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Charlotte's small business owners share their stories on Small Business Saturday

Camden Street in South End Charlotte was packed shoulder to shoulder for Small Business Saturday.

CHARLOTTE, N.C. — Small businesses in Charlotte received a big boost in sales for Small Business Saturday this year.  

Camden Street in South End was packed shoulder to shoulder for Small Business Saturday. The community came out to support local businesses like Divine Taste Cooking.

Sharon Scarborough makes high-quality entrées that are all locally sourced. 

“We have a variety that’s undeniably divine," she said. 

Whether it's clothes or food, a small business owner always has a story to tell. For Scarborough, a life-changing event pivoted her into a new direction.

“I did not plan any of this, it called me," Scarborough said. "I was on my way to law school and I got into an accident and broke both my legs and I had to learn to walk again.”

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That changed the trajectory of Scarborough’s life. It caused her to reevaluate everything, and she found that nothing was more important than community and good-tasting food.

You can take more than her word for it. 

Falen Rodgers stopped by Scarborough's tent and tried some of her samples.

“It was very flavorful, I mean she explained that one was a curry dish, I couldn’t even tell that it was a foreign dish," Rodgers said. "It was really really great and very flavorful. Definitely will be purchasing with them again." 

Gaining repeat customers is what Small Business Saturday is all about. The Small Business Administration estimates nationwide consumers will spend at least $19 billion.

You can also find a new place to shop and a new family to support like LilBelle Boutique located on the corner lot in the shopping alley on Camden Street. 

Lilly Sandford owns and operates the store. Her mother, Kathy Sandford, who came from Florida, is helping her keep everything in order for their Small Business Saturday sale.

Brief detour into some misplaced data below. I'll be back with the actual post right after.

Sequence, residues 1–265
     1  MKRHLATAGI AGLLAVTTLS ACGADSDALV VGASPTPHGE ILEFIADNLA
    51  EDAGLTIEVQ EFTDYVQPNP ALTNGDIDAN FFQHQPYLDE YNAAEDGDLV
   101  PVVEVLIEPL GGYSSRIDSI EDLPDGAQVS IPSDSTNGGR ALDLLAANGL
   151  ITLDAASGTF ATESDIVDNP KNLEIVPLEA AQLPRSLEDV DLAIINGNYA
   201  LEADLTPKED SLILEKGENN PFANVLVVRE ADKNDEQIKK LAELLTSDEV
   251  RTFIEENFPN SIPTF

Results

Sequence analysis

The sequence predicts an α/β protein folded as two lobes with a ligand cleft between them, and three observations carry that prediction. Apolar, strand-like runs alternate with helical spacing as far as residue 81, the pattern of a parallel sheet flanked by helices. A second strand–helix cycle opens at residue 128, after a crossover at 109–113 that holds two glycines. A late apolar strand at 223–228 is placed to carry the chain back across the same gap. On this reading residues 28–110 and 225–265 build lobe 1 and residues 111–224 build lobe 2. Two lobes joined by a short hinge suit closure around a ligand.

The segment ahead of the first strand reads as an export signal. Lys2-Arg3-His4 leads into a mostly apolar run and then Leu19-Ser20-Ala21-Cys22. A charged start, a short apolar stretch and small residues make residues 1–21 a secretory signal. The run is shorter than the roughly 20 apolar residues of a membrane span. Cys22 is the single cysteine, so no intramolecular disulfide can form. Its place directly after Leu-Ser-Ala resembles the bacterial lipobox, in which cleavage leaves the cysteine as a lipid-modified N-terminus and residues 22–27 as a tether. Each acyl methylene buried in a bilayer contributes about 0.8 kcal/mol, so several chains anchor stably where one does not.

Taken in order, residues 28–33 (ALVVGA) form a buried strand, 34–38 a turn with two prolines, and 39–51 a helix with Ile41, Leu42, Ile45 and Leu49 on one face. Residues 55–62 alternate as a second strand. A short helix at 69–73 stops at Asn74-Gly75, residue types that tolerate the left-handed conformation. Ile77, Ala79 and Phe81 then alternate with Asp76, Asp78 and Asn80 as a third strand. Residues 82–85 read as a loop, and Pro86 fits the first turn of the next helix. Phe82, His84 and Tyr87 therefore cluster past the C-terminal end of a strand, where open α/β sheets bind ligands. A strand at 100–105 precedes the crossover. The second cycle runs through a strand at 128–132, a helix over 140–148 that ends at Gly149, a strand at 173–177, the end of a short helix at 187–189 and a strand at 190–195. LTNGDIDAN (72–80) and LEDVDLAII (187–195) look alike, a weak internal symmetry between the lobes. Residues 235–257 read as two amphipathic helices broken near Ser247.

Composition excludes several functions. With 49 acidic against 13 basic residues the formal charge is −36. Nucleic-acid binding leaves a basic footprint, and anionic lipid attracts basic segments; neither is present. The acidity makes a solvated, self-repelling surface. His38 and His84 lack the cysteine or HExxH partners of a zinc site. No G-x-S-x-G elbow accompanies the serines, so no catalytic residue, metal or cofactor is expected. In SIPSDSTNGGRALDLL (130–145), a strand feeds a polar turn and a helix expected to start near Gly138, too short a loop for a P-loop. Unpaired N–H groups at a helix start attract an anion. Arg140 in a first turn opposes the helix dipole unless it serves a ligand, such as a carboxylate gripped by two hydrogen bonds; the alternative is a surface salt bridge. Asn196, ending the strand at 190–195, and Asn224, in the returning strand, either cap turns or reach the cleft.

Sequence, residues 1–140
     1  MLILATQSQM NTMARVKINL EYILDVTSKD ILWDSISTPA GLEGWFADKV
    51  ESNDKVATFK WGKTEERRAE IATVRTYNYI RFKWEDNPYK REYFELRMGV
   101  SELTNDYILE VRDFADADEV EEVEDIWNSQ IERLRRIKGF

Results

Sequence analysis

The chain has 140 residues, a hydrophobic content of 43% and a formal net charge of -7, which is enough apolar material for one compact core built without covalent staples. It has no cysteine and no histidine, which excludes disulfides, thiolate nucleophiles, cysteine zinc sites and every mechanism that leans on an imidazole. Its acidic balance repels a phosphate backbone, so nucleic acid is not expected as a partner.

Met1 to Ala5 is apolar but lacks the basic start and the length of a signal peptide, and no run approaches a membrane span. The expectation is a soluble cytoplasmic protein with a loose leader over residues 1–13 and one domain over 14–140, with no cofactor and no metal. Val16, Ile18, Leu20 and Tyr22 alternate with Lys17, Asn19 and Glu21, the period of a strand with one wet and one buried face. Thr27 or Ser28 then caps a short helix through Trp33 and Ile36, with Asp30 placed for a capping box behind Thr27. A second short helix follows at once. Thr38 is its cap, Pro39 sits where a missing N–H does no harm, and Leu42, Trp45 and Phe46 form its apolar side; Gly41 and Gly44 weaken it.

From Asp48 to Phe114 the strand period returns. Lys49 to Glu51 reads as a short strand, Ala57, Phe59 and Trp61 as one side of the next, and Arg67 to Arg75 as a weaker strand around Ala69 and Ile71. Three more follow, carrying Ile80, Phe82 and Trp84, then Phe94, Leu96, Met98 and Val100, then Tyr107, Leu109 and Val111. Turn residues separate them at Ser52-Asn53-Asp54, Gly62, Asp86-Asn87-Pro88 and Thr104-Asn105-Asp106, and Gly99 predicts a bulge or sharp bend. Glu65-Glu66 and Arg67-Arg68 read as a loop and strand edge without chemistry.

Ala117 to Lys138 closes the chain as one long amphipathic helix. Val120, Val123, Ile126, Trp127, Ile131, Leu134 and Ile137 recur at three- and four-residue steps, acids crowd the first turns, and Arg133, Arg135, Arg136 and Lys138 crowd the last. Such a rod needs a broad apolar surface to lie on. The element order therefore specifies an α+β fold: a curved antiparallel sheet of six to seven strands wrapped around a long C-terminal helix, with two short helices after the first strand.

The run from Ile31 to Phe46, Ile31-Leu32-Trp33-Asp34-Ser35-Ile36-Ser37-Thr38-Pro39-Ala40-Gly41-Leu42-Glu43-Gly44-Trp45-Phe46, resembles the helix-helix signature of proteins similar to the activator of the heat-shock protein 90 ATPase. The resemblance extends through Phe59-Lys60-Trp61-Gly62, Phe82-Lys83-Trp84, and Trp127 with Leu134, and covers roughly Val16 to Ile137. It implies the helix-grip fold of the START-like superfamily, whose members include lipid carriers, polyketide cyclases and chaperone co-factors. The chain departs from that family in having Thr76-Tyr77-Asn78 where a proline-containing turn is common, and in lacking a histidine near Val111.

Lily Sandford watched her own mom operate a successful business. 

“I’m young, I’m 24 years old, and I own my own business," Lily said. "I went to Davidson. I just love Charlotte, it’s growing like crazy everyone has been so supportive today throughout the year and years to come."

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When you spend $100 at a local business, roughly $68 stays in your local economy. If you spend the same are a large business, only about $43 stays in the local economy.  

This year people also have a chance to shop at small businesses that operate solely online. Brandy Boulbin and her daughter Brennah run the Gathering Picnic Company a luxury picnic service in Charlotte. 

“We have four children, two are older and out of the house, but we still have two at home," Boulbin said. "And you know when you are supporting us it’s not just. It’s not just a somebody—a worker. You’re supporting our entire family.” 

You can always show support to small businesses all year. The Small Business Administration said there are 28.8 million small businesses in the country. In North Carolina, small businesses employ about 1.7 million people.

Contact Shamarria Morrison at smorrison@wcnc.com and follow her on FacebookTwitter and Instagram.

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